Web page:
Pit Playoff Bug

So I spent the last two lunchtimes trying to figure out what was wrong in Pit playoff code that worked in season’s past. This really irks me because I had Part-Time Developer plans in mind. I believe I’ve found the problem and should be able to run the first round of the vaunted Pit playoffs tonight, and get everything back on track.

The problem occurred when I was running the main Pit playoffs. It found the first series, ran the fight, then prompted me to input the fighters for the next fight of the same series. It was only supposed to run the first fight in the series then go to the next series.

I beat my head against the wall most of Sunday night trying to figure it out.  Then Monday over my lunch I pretty much nailed down the problem, and then today over lunch I put in the fix and tested it.  I think it’s got a clean bill of health now, at least hopefully through the rest of the playoffs.

The problem turned out to be a very rookie mistake on my part.  Somehow it had worked through the first 6 seasons of playoffs.  I attribute this surfacing due to switching from VS2003 to VS2005 at the beginning of this season.   When I made the switch I had to change includes such as “include fstream.h” to “include <fstream>”.  I’m guessing something with the basic C++ includes changed as to why I had to change my includes.  I hadn’t kept up with the language enough to understand why I had to change things.  So it would seem the old fstream library somehow hid my boneheaded programming bug.  How I don’t know.  It seems to defy the way it should’ve behaved.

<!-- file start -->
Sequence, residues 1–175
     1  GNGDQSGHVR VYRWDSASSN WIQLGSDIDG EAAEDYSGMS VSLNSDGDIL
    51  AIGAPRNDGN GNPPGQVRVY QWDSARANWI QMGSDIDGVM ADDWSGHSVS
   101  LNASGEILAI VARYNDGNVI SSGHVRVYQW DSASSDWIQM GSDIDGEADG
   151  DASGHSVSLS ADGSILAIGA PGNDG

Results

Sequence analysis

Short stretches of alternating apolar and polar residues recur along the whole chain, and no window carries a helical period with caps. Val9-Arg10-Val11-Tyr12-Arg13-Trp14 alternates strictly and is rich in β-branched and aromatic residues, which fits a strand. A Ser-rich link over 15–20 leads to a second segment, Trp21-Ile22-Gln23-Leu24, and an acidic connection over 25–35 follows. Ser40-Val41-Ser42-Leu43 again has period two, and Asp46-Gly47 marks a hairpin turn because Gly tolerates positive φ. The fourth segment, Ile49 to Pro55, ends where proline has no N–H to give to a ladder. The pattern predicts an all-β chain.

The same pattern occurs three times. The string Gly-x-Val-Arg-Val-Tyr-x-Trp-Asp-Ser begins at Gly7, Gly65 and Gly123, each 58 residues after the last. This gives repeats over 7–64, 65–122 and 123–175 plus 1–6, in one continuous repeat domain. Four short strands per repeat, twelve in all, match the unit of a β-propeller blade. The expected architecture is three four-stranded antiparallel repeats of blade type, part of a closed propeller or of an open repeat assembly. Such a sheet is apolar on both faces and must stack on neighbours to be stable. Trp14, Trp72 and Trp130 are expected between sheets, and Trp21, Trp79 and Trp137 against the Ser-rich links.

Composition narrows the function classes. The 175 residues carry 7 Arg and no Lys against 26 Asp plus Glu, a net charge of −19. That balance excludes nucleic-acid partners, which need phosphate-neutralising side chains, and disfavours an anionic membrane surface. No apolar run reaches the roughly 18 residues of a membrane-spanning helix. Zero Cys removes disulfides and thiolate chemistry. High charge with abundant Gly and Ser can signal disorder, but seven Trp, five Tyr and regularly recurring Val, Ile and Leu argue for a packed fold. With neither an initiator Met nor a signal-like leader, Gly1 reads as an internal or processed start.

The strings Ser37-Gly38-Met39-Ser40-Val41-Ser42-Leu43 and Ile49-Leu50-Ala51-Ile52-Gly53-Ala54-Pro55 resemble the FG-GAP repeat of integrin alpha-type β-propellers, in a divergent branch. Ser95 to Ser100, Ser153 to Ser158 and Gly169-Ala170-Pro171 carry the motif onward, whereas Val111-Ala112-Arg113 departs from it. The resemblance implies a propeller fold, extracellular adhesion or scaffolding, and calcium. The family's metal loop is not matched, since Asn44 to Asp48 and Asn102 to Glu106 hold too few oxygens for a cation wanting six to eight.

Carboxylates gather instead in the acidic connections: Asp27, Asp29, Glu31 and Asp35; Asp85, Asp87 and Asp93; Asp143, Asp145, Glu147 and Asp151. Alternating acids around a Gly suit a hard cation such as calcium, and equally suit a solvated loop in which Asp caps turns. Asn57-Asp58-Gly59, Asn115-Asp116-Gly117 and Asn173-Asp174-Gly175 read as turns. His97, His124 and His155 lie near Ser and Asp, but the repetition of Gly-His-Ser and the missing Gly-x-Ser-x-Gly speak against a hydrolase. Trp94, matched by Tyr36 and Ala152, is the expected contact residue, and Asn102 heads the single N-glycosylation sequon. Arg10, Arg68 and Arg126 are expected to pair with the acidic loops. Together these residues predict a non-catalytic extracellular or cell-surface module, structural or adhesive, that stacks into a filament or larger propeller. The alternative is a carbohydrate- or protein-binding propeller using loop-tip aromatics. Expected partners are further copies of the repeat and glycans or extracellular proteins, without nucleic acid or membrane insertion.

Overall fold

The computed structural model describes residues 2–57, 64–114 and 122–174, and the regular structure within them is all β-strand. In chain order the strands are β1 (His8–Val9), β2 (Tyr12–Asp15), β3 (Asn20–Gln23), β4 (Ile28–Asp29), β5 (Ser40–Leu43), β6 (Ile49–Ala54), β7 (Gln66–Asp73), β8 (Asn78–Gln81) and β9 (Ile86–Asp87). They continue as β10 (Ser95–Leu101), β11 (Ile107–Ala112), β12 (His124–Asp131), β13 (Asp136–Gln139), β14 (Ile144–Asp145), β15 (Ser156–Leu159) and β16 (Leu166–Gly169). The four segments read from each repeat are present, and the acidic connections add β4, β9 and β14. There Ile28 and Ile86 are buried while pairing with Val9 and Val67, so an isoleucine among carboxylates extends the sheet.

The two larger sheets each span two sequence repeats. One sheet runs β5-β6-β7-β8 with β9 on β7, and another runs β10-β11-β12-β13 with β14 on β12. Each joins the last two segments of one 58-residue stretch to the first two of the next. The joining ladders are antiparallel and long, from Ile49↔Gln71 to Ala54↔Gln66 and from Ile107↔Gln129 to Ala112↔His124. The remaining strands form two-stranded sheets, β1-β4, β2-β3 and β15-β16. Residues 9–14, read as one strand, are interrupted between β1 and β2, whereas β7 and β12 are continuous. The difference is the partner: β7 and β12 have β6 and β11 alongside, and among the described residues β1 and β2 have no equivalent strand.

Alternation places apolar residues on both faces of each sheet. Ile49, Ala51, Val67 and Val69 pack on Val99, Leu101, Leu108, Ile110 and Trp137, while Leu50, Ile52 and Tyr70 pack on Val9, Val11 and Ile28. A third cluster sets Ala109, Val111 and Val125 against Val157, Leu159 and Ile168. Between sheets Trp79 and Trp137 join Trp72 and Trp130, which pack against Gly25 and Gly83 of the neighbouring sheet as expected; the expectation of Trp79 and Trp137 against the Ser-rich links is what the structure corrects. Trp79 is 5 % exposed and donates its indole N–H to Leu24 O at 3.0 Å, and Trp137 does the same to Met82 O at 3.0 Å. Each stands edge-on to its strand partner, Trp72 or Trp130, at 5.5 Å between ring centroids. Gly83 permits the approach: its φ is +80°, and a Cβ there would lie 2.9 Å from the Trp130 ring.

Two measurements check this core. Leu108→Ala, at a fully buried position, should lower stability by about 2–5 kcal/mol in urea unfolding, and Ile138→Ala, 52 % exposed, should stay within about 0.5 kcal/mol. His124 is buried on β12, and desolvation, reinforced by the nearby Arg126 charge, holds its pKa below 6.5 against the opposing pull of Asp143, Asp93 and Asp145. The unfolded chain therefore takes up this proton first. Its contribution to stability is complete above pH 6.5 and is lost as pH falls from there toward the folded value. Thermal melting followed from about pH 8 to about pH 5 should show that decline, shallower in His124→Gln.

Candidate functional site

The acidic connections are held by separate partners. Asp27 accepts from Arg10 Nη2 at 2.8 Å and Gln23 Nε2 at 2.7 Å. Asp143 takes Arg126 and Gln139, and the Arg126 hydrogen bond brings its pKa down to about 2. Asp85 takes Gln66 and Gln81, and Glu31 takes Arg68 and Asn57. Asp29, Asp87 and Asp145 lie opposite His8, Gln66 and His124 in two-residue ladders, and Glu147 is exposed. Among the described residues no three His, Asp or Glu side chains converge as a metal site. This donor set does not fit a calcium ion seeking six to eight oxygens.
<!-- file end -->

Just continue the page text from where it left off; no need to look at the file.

The problem was in the way I was using my file handler class that I use for the binary flat files that hold the Pit data.  (Binary flat files?  It seemed like a good idea at the time.)  I had a file handler for my playoff series file (basically a summary file).  I was looping through the file looking for a series that matched the season and playoff round I was in as well as not being already completed.  Once I found a series that wasn’t done, I would loop through my playoff games file (basically a detail file) with another file hander.  When it found the next game it would run it.  Once done I would need to update the playoff series file, which keeps track of the current win/loss situation.  However, I used the same file handler that I was using to loop through the same file.  After the update, it threw my location earlier in the file for some reason.  (I believe that the position pointer is undefined at this point and can’t be relied upon.)  Logically I would think it would put the position to the end of the record it wrote leaving me where I want to be to loop on, but from experience I know you can’t count on this.  It was throwing it much earlier in the file, which caused it to loop and eventually find the same playoff series again.  Something really got hosed though, because even when I would cancel, supposedly continuing the loop it would jump back again, continually finding that first series.  And it just got worse from there, duplicating records and caused the file to double in size with duplicate records.  Not quite sure where that came from, but I understand the base problem.

So I now have a different file handler doing the update and we’re now happy.  I could give the excuse that I wasn’t super familiar with serial filestream io at that time of the original coding, but I had been doing DEC Fortran with flat files for a few years at that time and you always had to be aware of that sort of problem.

If my reasoning on this is way off, please let me know so I can fix my understanding of the problem.



%d bloggers like this: